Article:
Contemporary Europe

Author (Person) ,
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Publication Date 2000
ISBN 0-333-77270-9
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Macmillan Foundations is a series of introductory texts across a wider range of subject areas, providing complete yet concise coverage of core topics.

In the absence of politics determined by ideology since the fall of the Berlin Wall in 1989 and the collapse of the communist regimes of Eastern Europe and the Soviet Union, the politics of identity in Europe has come to the fore. The dynamics of Europe's international and domestic politics has taken on a new prominence, and it is issues raised by these that are examined in this book, with the aim of providing an accessible introduction to some of the main issues in contemporary European development.

The introductory chapter, The many dimensions of Europe, focuses on the degree to which Europe is a separate and distinct civilisation with a fundamental unity crossing the old dividing line of ideological confrontation. The second chapter provides a historical survey of political development in Europe in the last century. Chapter three, The Europe of nations and regions, looks at the issues surrounding nation-state formation, nationalism and regionalism, while chapter four examines Europe's identity in relation to social structures and social change. The fifth chapter focuses on political participation, taking up on some of the themes of the previous chapter. Chapter six is more narrowly political, examining questions of contemporary political organisation and looking at ways in which the people can influence and control governments. The following chapter looks at the issue of ever-closer union and European co-operation, while the next covers the issues surrounding the enlargement of the European Union and the challenges surrounding the potential incorporation of Eastern European countries. Chapter nine goes beyond Europe, looking at its relationship with the world and the impact of globalisation, while chapter ten develops the theme to look at European security in the post cold-war world. Chapter eleven analyses some of the contemporary cultural movements, suggesting that the tension between modernism and more traditional forms of artistic production is far from resolved by the emerging postmodern trend. Finally, in the conclusion, the editors consider some of the possible interpretations of Europe, the nature of its identity and some of the implications of this for the future.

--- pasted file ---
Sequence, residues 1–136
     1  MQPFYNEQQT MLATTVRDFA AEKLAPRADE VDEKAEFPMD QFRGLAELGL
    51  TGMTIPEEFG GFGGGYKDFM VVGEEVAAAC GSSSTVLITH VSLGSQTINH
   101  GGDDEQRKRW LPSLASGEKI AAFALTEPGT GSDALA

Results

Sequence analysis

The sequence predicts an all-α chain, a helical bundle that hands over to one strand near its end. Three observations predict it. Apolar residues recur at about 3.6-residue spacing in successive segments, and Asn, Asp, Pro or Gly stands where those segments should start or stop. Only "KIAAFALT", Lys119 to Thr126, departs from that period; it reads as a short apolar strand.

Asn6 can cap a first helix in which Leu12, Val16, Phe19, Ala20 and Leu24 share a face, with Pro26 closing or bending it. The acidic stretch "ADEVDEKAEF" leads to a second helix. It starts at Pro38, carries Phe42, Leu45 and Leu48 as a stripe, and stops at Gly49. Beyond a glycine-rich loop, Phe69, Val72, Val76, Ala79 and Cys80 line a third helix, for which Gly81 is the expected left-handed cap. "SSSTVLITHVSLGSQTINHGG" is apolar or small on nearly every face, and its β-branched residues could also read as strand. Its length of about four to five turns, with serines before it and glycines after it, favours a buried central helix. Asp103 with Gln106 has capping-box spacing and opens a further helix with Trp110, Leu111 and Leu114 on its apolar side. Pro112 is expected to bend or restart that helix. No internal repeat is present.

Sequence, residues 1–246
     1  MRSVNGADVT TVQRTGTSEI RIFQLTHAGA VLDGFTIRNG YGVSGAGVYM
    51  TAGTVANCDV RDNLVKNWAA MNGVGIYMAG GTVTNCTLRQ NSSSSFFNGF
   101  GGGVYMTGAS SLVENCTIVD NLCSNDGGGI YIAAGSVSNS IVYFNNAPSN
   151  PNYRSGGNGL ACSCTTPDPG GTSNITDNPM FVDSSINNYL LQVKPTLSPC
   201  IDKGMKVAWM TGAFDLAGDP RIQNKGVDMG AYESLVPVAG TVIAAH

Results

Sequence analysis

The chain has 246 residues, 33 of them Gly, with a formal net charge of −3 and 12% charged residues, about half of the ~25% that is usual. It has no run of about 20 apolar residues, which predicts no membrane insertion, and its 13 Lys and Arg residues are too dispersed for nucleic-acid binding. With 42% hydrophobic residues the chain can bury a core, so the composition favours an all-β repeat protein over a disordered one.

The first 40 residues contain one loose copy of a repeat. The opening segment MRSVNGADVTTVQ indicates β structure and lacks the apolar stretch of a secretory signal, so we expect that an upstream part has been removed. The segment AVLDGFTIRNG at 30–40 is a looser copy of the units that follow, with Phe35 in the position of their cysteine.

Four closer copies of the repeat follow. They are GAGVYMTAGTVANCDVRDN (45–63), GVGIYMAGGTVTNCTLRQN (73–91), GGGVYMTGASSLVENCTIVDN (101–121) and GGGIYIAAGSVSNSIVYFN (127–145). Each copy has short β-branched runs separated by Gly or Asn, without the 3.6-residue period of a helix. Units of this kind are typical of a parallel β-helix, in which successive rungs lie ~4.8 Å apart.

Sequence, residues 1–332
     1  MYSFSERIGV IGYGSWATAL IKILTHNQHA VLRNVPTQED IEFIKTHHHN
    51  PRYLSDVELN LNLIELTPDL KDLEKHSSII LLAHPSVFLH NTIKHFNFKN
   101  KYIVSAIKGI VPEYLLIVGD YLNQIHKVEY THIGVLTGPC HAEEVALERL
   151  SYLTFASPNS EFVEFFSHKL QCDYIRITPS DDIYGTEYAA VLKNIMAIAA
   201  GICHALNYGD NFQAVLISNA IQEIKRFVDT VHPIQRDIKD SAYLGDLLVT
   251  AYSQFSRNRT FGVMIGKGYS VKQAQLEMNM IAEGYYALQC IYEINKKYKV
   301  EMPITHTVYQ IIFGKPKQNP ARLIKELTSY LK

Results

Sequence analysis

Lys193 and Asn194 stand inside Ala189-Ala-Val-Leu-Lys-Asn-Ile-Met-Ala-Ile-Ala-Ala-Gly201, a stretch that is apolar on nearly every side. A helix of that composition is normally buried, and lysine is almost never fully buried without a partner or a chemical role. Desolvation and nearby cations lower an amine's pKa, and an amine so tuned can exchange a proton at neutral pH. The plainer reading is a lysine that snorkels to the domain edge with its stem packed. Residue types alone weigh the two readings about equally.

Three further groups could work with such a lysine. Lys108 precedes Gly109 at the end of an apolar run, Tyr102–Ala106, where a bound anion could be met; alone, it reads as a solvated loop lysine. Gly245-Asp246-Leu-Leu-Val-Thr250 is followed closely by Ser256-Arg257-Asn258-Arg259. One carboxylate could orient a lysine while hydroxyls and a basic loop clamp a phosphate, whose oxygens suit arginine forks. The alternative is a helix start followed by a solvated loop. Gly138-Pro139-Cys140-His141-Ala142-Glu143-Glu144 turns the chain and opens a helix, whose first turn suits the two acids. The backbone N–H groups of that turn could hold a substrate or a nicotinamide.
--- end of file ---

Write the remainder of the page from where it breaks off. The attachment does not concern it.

Each chapter is well laid out, with illustrative maps and pictures. The chapters are easy to read and navigate, providing a summary of key points, illustrated biographies of key figures, questions for discussion and suggestions for further reading.

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